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BUSINESS ENQUIRY

Cybersecurity & Anaytics – a Tango

Analytics and Big Data provide a quantum leap forward over earlier means of detecting a hacker attack  or misuse of computing assets by inside employees.  Software vendors and open source projects have taken ideas from data scientists and  applied those algorithms against streaming data.  Those algorithms and products like Splunk and Apache Spark together with Hadoop have made it possible to sort through and process vast amounts of log and network data in a way that would not have been possible just 6 years ago.

Presumably all of this has provided a large boost to defeating hackers.  But if you read the news you can see that it does not work in all cases as hackers are still seemingly able to steal data at will.  One problem is companies generally do not publish data about which attacks they have blocked, so we cannot really tell how well all this work.  But what they have done is respond to surveys by groups like the Ponemon Institute as to the extent that companies are using analytics and big data as part of their cyber defense.  One would hope that as analytics and cybersecurity come together and their adoption and understanding among companies becomes more widespread then companies might be able to defeat some cyber disasters of the past.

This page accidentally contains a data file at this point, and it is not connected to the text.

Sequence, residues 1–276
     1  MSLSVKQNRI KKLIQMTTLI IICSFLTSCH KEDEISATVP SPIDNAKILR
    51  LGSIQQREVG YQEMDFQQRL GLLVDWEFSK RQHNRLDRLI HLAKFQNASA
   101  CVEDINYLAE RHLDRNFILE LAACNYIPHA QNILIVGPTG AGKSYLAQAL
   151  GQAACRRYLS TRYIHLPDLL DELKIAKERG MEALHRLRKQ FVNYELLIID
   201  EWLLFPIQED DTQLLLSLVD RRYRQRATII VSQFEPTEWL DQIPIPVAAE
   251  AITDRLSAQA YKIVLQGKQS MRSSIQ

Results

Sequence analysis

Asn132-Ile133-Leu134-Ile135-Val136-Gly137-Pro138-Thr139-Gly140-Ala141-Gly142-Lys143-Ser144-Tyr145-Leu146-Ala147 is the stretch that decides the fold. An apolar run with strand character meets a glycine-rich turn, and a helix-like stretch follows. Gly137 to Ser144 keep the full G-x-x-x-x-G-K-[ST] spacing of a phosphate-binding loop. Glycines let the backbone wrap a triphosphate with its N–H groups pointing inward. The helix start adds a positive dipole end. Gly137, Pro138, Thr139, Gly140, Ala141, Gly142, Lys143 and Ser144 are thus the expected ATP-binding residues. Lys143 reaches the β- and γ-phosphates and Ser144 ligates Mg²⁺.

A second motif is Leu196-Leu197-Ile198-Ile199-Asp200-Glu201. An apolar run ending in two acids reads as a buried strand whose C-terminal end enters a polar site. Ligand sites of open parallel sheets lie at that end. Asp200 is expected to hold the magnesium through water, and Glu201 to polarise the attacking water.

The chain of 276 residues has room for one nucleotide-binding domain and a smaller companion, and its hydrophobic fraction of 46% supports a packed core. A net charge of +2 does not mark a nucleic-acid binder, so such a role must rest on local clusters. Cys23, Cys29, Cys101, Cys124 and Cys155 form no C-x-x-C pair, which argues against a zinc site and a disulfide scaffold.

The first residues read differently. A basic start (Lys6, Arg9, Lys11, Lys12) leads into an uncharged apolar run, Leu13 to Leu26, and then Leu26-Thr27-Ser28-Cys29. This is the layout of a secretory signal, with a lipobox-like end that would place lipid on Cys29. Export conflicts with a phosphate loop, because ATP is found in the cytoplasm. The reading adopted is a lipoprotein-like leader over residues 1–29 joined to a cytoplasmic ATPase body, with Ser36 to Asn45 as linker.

In this short blog post we look at one approach to classifying events as a threat and then mention two cybersecurity analytics products: one from IBM and the other from the US Government Oak Ridge Labs.

 

Cybersecurity Before Analytics

Consider the way that cybersecurity works when you do not have the tools to do real time analytics.  A SIEM (Security Information and Event Management) like ArcSight is programmed to gather up logs and apply rules to flash alerts when, for example:

  • A former employee tries to login.
  • Someone tries and fails to login X number of time times.
  • Someone who normally works in the office is trying to login remotely.
  • There is network traffic of a type on a subset that is not what is usually there.

 

And then it provides dashboard reports like the SANS top 5:

 

  1. Attempts to Gain Access through Existing Accounts
  2. Failed File or Resource Access Attempts
  3. Unauthorized Changes to Users, Groups, and Service
  4. Systems Most Vulnerable to Attack
  5. Suspicious or Unauthorized Network Traffic Patterns

 

The problem with these approaches are:

 

  1. They are not good at solving the signal-to-noise problem (Too many normal events crowding out ones that could indicate a security breach.).